The word “Moutere” on the label derives from the Moutere Hills, where the winery’s home vineyard is located, but also from the underlying soils. Through some serendipity, these gravel-laced clay subsoils provide just the right environment for the winery’s Mendoza clone of Chardonnay.
Maligned in some quarters, here the Mendoza clone produces wines with ample weight and texture while never losing their sense of balance and proportion.
93 Neudorf 2009 Moutere Chardonnay (Nelson). The Vintner Group.
abv: 13.5% Price: $ 45
92 Neudorf 2008 Moutere Chardonnay (Nelson). The Vintner Group.
abv: 13.5% Price: $ 48
90 Neudorf 2008 Chardonnay (Nelson). The Vintner Group. Editors’ Choice.
abv: 13.5% Price: $ 20
Villa Maria Chardonnay
Auckland, Gisborne, Hawkes Bay, Marlborough
Villa Maria founder and Managing Director Sir George Fistonich (he was knighted in 2009) celebrates his company’s 50th anniversary this year, but has never been content to rest on his laurels.
Back in the 1960s, when he was a self-described one-man band, “making wine at night, traveling around and selling it during the day,” Fistonich couldn’t have predicted the success he would go on to have with Chardonnay.
But in 2012, 50 years after his first awards for Villa Maria “Burgundy” and “Claret,” it almost seems not to matter from where the company sources its Chardonnay. Seemingly through some sort of winemaking magic, nearly all of the company’s black-label releases—typically five or more in any given year—merit recognition.
Personal preference comes into play when picking favorites among the single-vineyard wines from Ihumatao (in Auckland), Keltern (in Hawkes Bay), Taylors Pass (in Marlborough), or the Reserve Chardonnays from Gisborne, Hawkes Bay and Marlborough.
All are entirely barrel fermented and aged, yet the percentage of new oak is so carefully judged and the fruit characters of the wines so concentrated that the oak comes across as a supporting force rather than a dominant one.
The current critics’ darling is the 2010 Keltern Vineyard, which scooped the Chardonnay trophy at several New Zealand Best White Wines shows last year, but the Taylors Pass bottling (the only blacklabel release available in the United States) is an excellent wine in its own right and well worth seeking out.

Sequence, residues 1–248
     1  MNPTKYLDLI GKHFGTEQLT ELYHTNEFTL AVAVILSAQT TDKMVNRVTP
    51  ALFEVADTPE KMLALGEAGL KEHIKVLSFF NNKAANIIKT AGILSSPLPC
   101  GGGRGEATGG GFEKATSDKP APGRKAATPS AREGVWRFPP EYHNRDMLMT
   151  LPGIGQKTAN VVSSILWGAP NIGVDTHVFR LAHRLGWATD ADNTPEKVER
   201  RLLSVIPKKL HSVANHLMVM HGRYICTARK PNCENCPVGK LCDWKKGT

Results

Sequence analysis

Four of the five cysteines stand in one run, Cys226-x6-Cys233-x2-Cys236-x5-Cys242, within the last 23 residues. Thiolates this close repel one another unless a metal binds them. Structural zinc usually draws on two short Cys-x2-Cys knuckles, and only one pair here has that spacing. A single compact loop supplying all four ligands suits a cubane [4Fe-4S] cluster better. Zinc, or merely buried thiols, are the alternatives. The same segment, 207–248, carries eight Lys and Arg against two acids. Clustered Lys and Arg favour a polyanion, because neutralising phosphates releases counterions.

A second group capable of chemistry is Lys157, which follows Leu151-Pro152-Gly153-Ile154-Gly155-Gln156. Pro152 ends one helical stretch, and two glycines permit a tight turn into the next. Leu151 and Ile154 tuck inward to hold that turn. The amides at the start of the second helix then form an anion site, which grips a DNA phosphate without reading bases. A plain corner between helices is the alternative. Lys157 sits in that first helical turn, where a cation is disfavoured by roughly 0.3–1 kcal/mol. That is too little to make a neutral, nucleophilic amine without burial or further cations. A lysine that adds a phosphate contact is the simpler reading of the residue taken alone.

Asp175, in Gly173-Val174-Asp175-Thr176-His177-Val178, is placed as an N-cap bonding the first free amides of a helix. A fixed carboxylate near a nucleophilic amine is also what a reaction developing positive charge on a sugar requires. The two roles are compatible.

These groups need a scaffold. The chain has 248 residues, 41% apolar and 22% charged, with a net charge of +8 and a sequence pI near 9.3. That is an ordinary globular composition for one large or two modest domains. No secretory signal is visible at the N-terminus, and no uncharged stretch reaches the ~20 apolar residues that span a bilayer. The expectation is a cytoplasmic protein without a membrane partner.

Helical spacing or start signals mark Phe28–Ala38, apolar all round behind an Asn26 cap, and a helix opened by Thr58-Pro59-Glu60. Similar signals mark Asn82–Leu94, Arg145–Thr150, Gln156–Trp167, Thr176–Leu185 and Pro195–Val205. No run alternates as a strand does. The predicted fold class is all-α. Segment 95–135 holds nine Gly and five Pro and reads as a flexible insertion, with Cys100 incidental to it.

At a lower price point and with much larger quantities produced, Villa Maria’s Private Bin Unoaked Chardonnay provides a budget-friendly alternative. For American consumers who want a taste of what Villa Maria can do with Hawkes Bay fruit, the company also offers an excellent Hawkes Bay Chardonnay under its Esk Valley label.
92 Villa Maria 2009 Taylors Pass Vineyard Chardonnay (Marlborough). Ste. Michelle Wine Estates. Editors’ Choice.
abv: 14% Price: $ 25
90 Esk Valley 2010 Chardonnay (Hawkes Bay). Ste. Michelle Wine Estates. Editors’ Choice.
abv: 13.5% Price: $ 20
85 Villa Maria 2010 Private Bin Unoaked Chardonnay (Marlborough). Ste. Michelle Wine Estates.
abv: 14% Price: $ 15
Millton Chenin Blanc
It seems awfully counterintuitive. Take New Zealand’s warmest, wettest grape-growing region and pair it with a cool-climate variety to create one of the country’s best wines?
Only true visionaries could have predicted it. And by adopting biodynamic farming in the early 1980s, owners James and Annie Millton proved they had the requisite foresight to pull it off.
The Te Arai Vineyard was planted in 1984, so the fruit used in this wine comes from vines that are nearing 30 years of age, planted on valley floor silts. It’s all hand-picked, then fermented in a mix of oak demi-muids (600-liter barrels) and stainless steel using indigenous yeasts.
Millton says that he considers the Chenin Blanc from the Loire a benchmark, and while his wine is fruitier and more forward than most Loire Chenins, it can sometimes show the touches of wet wool so common there. It’s a wine that’s remarkably consistent from vintage to vintage, always combining New World fruitiness and Old World complexity in its own unique way.
90 Millton 2010 Te Arai Vineyard Chenin Blanc (Gisborne). Verity Wine Partners.
abv: 12.5% Price: $ 30
Lawson’s Dry Hills Gewürztraminer
“We just lucked into growing Gewürztraminer,” chuckles owner Barbara Lawson. “The winery we were contract-growing for said to plant it, so we did.”
That was back in 1980.
Today, although the winery produces several other varieties for which Marlborough is better known, it’s still the Gewürztraminer that sets Lawson’s apart.